• Closed groups (closed node) tend to have high adoption and activity rates as compared to open groups. This relates to a lack of comfort with sharing in a more open environment.
    • We need to create comfortable spaces with permeable walls. See Donald Appleyard’s “Livable Streets” for a similar approach in a physical (rather than digital) environment. Having front porches helped people in their houses feel more comfortable coming outside and hanging out on the street. Having front windows helped people on the street understand the people in the houses better.
  • How to Improve your online groups? Have a team that includes the following:
    • Community manager
    • Social interaction designer
    • Social scientists — they see strengths and gaps in the social interactions within the group
    • Knowledge manager
    • UX/User Research
    • Change Manager
    • IT Dev/ Integrator
  • Typical Problems.
    • Services go away — so plan redundancy/failovers
    • Change is constant — so plan to be nimble
    • Plan for continued security, privacy/permissions and changes in scaling as they occur
    • Plan for the many pieces that exist in your system — you need integration/interoperation, umbrella services, community managers/navigation

    • Selection & review — have a six-month tool review, understand the balance between change and stability and long-term assessments; keep your vendor assessments fresh
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Intranet Showcase #KMWorld

KMWlogo_Stacked_Session Title and Description: Intranet Showcase

Each year, the global Intranet Innovation Awards uncovers remarkable solutions, sharing them with the wider community. In conjunction with an awards ceremony held at the conference, this session shares highlights from winners around the world. Packed with screenshots, you’re sure to see ideas and approaches that can be applied in your organization, accelerating the pace of innovation.

Speakers:

  • Rebecca Rodgers, Principal Consultant, Step Two
  • Andy Zimmerman (Director, Digital Strategy), McKesson
  • Kristin Lorieo, White & Case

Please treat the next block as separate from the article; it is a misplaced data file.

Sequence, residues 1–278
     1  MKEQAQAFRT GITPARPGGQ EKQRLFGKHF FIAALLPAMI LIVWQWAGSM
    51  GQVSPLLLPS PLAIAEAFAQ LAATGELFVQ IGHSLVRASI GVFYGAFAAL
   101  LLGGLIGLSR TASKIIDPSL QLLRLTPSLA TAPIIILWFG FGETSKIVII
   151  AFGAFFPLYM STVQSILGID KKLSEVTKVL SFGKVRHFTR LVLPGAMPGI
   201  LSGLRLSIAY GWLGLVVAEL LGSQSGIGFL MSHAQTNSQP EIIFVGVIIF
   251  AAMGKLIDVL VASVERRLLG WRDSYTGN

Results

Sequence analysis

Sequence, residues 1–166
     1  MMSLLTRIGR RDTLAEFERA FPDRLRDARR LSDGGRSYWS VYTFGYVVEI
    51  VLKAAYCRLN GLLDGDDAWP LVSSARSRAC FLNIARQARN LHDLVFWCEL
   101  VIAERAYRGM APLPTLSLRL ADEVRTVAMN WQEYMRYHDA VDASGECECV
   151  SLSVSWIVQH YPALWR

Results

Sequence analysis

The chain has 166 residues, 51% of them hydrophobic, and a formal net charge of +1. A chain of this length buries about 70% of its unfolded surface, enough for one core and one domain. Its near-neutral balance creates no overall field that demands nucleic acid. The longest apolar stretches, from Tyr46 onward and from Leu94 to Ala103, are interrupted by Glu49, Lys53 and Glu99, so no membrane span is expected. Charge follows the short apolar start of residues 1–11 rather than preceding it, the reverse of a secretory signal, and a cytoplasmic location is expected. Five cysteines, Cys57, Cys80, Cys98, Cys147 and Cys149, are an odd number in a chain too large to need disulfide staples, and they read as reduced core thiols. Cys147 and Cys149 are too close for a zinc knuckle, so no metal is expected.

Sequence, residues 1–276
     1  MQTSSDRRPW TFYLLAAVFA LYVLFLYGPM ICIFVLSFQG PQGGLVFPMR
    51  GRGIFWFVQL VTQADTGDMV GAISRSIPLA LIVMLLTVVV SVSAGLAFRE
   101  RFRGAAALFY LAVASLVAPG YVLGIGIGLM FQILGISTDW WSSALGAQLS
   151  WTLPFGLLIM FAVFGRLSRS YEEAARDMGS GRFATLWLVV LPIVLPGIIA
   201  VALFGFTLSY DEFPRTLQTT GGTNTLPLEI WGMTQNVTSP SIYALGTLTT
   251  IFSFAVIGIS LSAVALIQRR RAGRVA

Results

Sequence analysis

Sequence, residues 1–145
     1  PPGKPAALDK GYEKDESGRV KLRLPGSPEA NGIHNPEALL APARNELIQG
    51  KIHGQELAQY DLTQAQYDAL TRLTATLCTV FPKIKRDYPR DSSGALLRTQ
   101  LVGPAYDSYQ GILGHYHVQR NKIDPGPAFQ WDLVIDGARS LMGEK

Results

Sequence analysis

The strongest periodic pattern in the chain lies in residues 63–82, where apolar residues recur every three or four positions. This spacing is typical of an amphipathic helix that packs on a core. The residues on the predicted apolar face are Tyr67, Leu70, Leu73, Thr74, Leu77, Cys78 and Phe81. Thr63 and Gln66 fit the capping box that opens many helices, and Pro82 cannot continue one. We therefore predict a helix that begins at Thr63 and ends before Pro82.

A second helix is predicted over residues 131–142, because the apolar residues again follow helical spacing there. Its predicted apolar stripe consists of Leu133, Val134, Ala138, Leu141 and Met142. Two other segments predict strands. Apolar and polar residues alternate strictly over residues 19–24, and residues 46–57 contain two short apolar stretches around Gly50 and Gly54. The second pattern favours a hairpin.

• Kathryn Gendall (Manager Internal Communications) and Paula Grimsma (Manager Enterprise Collaboration and Desktop ESuport), Goldcorp

 

[These are my notes from the KMWorld 2016 Conference. I’m publishing them as soon as possible after the end of a session, so they may contain the occasional typographical or grammatical error. Please excuse those. To the extent I’ve made any editorial comments, I’ve shown those in brackets.]

NOTES:

  • McKesson’s Mobile Channel for Employees.  
    • McKesson is America’s oldest and largest healthcare services company. They are a Fortune 5 (not 500) company.
    • They considered rolling out a mobile instance of their intranet that would replace all the local instances of their intranet. However, this was too expensive — with low ROI.
    • They opted for a mobile channel that delivered a curated subset of the functionality of the full enterprise intranet.
      • the primary stakeholder for this channel sits in Corporate Marketing
    • They created an employee app center where employees could obtain apps.
      • includes apps built internally and apps built by benefits providers
    • They created a mobile center of excellence to provide cross-functional governance for their mobile channel
      • they involved security, legal, corporate marketing, IT, HR, etc.
      • it acted as a compliance and certification body
      • it would not build the apps itself
    • They defined a repeatable process that prospective app builders would follow
    • Once the apps are built by individual app builder and certified by the mobile center of excellence, then the app builder has to market the app to employees.
    • Success measurements
      • key points
        • establish baselines
        • collect (at least) monthly metrics by channel & aggregated across channels
        • check your privacy policy before collecting metrics that identify individual users
        • set realistic goals
      • objective measures
        • site traffic
        • site usage
      • subjective measures
        • rate this app
        • mobile customer satisfaction survey
  • White & Case.
    • Their original intranet was “really very bad”
    • Their new site
      • is built on SharePoint 2013
      • met user request for a simple intranet, the users did not want many social elements
      • has far less content — they eliminated 70% of the content of the old intranet